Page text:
KLF Communications

KLF Communications

Profil:
Label formed in 1987 by Bill Drummond and Jimi Cauty as an outlet for their own work as Justified Ancients Of Mu Mu and later as The KLF. The label (and its owners) scored a surprise #1 hit in 1988 with "Doctorin' The Tardis", a novelty single credited to The Timelords. But all involved survived this blow to their credibility and returned with a string of rave classics including the international hits "What Time Is Love?" and "3 AM Eternal", as well as creating one of the earliest (and finest) ambient house LPs with 1990's "Chill Out".
The missing entry for KLF001 was used for The 1987 Completist List, a catalogue and merchandising sheet that came with JAMS LP 2. The gap in the catalogue below at "KLF 009" is for the Timelords book entitled The Manual (How To Have A Number One The Easy Way) (KLF009B).
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bubcentral

bubcentral

10 mars 2019
Much mythology about these 2 geezers.
Jimmy Cauty came from a background of working with Stock aitken and waterman back in the 1980s (he was a band member of s.a.w one hit wonders Brilliant too) So he already knew how to put tunes together well.
Bill came from a background of management and hype experience.
Combined the 2 made many great records, but equally as many awful cheesy pop misses too.
Early releases were aimed at being Scottish rap, disco or S.A.W type pop. Then they discovered raves and ambient.
dexterfeng

dexterfeng

8 août 2003
Kopyright Liberation Front
KLF was marketed much like a product.
Everything that's so right and so completely wrong about commercial music and worse knowingly so.
Sure most of their popular material probably hasn't aged well and is more easily found on the playlists at many sporting arena's and awful bars the world over.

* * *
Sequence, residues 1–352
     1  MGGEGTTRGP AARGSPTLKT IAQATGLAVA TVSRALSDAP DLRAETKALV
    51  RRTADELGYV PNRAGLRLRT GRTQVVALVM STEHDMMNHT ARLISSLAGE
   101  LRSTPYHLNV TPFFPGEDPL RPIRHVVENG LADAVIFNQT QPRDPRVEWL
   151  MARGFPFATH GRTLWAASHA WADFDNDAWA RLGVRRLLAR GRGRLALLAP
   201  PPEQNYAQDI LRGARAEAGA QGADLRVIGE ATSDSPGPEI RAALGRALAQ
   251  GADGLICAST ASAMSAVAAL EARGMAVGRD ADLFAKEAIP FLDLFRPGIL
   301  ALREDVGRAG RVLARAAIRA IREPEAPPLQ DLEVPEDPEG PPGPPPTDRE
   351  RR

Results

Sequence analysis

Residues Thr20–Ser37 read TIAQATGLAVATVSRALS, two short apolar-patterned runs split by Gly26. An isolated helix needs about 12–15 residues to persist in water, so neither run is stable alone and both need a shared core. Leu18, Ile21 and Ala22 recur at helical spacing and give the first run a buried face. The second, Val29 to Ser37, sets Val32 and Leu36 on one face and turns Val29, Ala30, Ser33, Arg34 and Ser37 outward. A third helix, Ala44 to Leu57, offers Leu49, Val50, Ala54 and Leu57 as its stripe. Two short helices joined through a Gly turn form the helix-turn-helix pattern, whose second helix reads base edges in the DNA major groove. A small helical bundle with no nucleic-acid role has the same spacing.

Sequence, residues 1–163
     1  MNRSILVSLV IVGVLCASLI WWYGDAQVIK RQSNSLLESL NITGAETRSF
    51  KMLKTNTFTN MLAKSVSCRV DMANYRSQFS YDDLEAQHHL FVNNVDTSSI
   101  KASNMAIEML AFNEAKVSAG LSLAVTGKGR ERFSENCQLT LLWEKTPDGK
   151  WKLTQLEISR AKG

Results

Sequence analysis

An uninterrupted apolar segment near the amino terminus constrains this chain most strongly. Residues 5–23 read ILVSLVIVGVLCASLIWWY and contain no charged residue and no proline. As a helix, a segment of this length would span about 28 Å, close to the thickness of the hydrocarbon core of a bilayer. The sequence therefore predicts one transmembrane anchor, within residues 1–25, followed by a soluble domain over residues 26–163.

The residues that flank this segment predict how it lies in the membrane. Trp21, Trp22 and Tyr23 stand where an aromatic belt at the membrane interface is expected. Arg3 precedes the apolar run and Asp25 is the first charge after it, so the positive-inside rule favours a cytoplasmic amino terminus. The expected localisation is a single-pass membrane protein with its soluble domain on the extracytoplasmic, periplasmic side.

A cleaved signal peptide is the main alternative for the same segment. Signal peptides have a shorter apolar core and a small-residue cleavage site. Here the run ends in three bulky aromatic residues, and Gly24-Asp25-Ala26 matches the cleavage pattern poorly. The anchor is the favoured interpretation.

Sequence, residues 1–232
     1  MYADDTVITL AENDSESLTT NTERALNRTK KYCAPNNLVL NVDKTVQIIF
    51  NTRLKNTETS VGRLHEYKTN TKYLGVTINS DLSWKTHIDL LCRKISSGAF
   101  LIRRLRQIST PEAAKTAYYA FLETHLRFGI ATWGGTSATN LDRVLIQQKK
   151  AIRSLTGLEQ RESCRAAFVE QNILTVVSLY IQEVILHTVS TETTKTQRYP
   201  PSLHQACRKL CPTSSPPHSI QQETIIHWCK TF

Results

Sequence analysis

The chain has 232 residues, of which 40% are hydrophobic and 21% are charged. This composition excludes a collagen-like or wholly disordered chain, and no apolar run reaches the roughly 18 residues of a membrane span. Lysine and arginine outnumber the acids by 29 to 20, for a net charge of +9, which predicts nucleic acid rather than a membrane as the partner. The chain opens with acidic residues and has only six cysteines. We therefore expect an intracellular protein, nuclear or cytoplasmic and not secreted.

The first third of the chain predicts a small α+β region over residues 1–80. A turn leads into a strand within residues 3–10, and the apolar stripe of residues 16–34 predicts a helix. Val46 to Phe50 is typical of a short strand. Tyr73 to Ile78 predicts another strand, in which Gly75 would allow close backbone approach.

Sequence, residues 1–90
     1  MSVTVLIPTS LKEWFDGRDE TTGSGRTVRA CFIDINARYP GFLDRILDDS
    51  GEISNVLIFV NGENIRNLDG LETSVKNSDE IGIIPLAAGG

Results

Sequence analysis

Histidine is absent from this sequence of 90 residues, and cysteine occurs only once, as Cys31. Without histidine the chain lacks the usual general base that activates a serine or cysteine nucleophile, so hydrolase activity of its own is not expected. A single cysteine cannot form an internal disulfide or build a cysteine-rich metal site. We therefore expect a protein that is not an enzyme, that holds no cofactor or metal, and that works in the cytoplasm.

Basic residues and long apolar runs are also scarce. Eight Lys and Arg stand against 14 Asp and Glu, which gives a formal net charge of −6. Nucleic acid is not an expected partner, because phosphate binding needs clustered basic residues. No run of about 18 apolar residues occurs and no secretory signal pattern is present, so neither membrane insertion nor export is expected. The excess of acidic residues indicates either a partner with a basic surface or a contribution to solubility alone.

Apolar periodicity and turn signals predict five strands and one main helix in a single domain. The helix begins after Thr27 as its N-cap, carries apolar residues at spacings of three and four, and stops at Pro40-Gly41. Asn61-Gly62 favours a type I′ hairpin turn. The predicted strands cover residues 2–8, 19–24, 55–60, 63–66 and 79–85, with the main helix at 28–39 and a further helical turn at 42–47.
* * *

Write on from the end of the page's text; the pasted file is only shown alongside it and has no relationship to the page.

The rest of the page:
The more obscure material probably should for the most part be left alone to collect dust and value in the corner of your collection if you were fortunate enough to get them when they were available. Most of the material is probably suspect at this point both for listenability and legality.

Mr.Jay

Mr.Jay

10 septembre 2001
edité over 17 years ago
'3am Eternal'. 'Last Train To Trancentral'. 'What Time Is Love?'. 'It's Grim Up North'. 'Justified And Ancient'. 'The White Room'. 'Chill Out'. 'Space'.

If those titles mean nothing to you - shame on you. Each a classic in the genre of dance music it represented and well worth a listen.

Although long deleted these titles can be tracked down on import copies or from record fairs/exchange shops. Expect to pay extra to stupid prices for them but it will be worth it - trust me.

Earlier KLF releases are a patchy affair and I would recommend listening to them before parting with your cash. I'm sure that in thier day stuff like '1987 - What The Fuck Is Going On?', 'Kylie Said To Jason' or 'Doctorin' The Tardis' were fun, but let's be realistic here - this is the 21st century and if this stuff came out today by new bands its a fair bet to say they wouldn't even get a release (just my opinion - no hate mail, please!).

To the uninitiated - also be prepared for a barrage of remixes and alternate versions of many of their tracks. With several titles you'd need to have 8 hands just to stand a chance of counting all of the remixes on your fingers.

Recently returned from a self imposed hiatus from the music industry after retiring at their earlier peak in the '90's with a variety of different styles and names on the Kalavala label, which were mostly overlooked. More succesful was the single as 2k (1997 - What The Fuck Is Going On?) which was basically just a rehash of thier past glories updated.

Much has been qritten and debated on the exploits of The KLF and it is well worth sparing a couple of hours to surf the net for a history lesson - you'll laugh and wonder 'What The Fuck Was Going On'!